(03/18/2010) The United Nation declared 2010 as the International Year of Biodiversity (IYB). One of the goals of the IYB is to celebrate the achievements of the Convention of Biological Diversity signed by 192 countries since 1992. But what have we accomplished since 1992? Did we put an end to biodiversity loss? The truth is that there is not much to celebrate at all. Asia is a perfect example where the animal crisis and the loss of biodiversity have worsened over decades. The first question that should come to mind is: how many species have vanished in Asia because of human activities? Records of recently extinct species in Asia show 71 species that have disappeared in the wild. Examples include the Yunnan lake newt (Cynops wolterstorffi) from China, the Bonin thrush (Zoothera terrestris) from Japan, or the redtailed black shark (Epalzeorhynchos bicolor) from Thailand.
(03/09/2010) Extinctions are currently outpacing the capacity for new species to evolve, according to Simon Stuart, chair of the Species Survival Commission for the International Union for the Conservation of Nature (IUCN).
Website seeking ‘most wanted’ photos and videos of vanishing species
(03/04/2010) Many of the world’s most endangered species have never been photographed or caught on film. The not-for-profit website ARKive is hoping to change that. ARKive provides a collection of some of the best photos and video clips of the world’s species.
Extinct animals are quickly forgotten: the baiji and shifting baselines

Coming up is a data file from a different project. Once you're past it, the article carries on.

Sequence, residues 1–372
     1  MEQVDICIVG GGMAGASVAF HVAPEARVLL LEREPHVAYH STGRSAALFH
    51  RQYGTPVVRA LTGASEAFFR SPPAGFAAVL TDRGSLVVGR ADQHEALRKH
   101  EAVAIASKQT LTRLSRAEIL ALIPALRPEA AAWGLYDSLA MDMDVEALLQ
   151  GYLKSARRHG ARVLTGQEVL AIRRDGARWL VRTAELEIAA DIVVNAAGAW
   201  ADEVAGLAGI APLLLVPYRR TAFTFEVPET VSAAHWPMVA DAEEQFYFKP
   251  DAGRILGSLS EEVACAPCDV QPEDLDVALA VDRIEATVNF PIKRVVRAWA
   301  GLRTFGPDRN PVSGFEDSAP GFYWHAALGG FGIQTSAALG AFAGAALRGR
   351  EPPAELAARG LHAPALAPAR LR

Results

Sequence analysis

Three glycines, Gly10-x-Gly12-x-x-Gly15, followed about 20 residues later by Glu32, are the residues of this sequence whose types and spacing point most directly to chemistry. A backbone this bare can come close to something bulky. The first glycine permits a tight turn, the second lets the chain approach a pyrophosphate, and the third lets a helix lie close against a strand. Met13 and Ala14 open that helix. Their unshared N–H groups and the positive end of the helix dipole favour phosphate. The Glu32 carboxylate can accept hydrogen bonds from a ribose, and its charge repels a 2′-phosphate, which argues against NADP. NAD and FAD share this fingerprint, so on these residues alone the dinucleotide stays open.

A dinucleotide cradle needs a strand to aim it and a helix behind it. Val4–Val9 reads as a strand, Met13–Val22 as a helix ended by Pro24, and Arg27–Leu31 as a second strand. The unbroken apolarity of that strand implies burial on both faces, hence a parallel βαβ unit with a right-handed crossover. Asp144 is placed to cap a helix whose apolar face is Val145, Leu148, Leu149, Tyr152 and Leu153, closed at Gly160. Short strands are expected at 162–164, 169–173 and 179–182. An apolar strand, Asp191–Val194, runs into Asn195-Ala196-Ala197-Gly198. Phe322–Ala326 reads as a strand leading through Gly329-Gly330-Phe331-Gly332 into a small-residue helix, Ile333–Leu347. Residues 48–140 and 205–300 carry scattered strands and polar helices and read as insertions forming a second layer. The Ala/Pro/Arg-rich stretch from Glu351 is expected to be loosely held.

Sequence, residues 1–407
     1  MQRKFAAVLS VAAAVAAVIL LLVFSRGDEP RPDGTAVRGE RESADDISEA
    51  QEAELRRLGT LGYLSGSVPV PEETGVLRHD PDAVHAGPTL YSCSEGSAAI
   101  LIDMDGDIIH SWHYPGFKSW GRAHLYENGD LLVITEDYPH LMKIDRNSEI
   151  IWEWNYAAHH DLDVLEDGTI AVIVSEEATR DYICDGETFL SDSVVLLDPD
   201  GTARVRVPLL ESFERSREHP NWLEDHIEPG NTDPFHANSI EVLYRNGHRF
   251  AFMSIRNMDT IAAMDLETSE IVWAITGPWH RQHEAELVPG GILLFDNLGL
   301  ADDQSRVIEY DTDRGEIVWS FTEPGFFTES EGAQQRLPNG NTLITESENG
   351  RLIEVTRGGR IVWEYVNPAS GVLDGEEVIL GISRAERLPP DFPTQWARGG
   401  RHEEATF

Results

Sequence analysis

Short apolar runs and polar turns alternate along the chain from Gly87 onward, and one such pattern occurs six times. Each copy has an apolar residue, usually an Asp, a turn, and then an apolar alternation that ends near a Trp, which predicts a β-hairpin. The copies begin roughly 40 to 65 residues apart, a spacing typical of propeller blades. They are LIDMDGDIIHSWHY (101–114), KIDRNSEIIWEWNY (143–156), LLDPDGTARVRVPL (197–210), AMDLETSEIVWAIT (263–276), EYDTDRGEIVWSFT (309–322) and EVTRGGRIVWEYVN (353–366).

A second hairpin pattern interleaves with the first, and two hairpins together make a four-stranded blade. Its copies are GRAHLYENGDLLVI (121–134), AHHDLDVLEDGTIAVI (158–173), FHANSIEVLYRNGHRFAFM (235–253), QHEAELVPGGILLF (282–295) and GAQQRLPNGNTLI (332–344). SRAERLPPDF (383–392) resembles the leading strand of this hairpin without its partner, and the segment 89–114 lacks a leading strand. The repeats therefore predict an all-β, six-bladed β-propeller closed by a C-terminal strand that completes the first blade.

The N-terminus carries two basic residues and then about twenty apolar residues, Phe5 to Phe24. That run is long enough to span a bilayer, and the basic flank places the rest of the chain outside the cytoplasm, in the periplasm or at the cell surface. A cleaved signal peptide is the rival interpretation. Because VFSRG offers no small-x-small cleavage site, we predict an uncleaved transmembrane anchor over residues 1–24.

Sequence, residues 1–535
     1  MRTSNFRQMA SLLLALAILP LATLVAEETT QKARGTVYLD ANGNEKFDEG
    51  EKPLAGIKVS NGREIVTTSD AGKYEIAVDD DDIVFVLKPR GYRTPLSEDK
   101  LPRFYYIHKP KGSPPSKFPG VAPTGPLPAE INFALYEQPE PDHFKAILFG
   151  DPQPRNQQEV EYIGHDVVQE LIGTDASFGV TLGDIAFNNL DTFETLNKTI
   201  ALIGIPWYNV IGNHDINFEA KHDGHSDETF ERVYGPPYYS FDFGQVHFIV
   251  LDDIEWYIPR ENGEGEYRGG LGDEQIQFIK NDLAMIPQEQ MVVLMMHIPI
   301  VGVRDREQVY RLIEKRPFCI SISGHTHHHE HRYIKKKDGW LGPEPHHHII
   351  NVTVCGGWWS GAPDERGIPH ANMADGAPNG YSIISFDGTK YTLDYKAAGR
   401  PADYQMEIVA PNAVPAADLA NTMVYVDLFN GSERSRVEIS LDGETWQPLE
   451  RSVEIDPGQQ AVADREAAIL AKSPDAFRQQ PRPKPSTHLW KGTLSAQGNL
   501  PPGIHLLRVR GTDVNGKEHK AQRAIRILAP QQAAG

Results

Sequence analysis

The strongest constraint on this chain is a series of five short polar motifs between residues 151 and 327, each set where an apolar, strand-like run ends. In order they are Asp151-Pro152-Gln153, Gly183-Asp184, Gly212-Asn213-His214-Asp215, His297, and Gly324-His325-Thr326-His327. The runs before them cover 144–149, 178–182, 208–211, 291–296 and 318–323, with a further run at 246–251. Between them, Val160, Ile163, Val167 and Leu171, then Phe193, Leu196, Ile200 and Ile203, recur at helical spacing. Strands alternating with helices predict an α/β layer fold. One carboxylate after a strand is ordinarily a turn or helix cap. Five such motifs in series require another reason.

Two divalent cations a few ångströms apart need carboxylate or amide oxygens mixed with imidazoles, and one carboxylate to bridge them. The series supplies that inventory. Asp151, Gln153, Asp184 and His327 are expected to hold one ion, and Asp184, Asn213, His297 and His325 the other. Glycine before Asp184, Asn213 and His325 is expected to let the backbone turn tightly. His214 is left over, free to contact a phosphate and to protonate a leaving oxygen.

(02/23/2010) In 2006 a survey in China to locate the endangered Yangtze River dolphin, known as the baiji, found no evidence of its survival. Despondent, researchers declared that the baiji was likely extinct. Four years later and the large charismatic marine mammal is not only ‘likely extinct’, but in danger of being forgotten, according to a surprising new study ‘Rapidly Shifting Baselines in Yangtze Fishing Communities and Local Memory of Extinct Species’ in Conservation Biology. Lead author of the study, Dr. Samuel Turvey, was a member of the original expedition in 2006. He returned to the Yangtze in 2008 to interview locals about their knowledge of the baiji and other vanishing megafauna in the river, including the Chinese paddlefish, one of the world’s largest freshwater fish. In these interviews Turvey and his team found clear evidence of ‘shifting baselines’: where humans lose track of even large changes to their environment, such as the loss of a top predator like the baiji.
Humans push half of the world’s primates toward extinction, lemurs in particular trouble
(02/18/2010) Of the known 634 primate species in the world 48 percent are currently threatened with extinction, making mankind’s closes relatives one of the most endangered animal groups in the world. In order to bring awareness to the desperate state of primates, a new report by the International Union for the Conservation of Nature highlights twenty-five primates in the most need of rapid conservation action. Compiled by 85 experts the report, entitled Primates in Peril: The World’s 25 Most Endangered Primates, 2008–2010, includes six primates from Africa, eleven from Asia, three from Central and South America, and five from the island of Madagascar.
Head of UN urges ‘a wake-up call’ to save biodiversity
(02/14/2010) Speaking at the American Museum of Natural History in New York City, UN Secretary General Ban Ki-moon said that “business as usual is not an option” to protect the world’ s biodiversity. The failure of governments worldwide to meet their pledges to protect biodiversity by 2010 is “a wake up call” according to Ki-moon.
Half of Indonesia’s species remain unknown
(02/02/2010) Incorporating 17,000 tropical islands, Indonesia is one of the world’s richest areas of biodiversity. However, according to the Jakarta Post, over half of this biodiversity remains unrecorded with only 20 of the more than 400 regencies in the country recording species.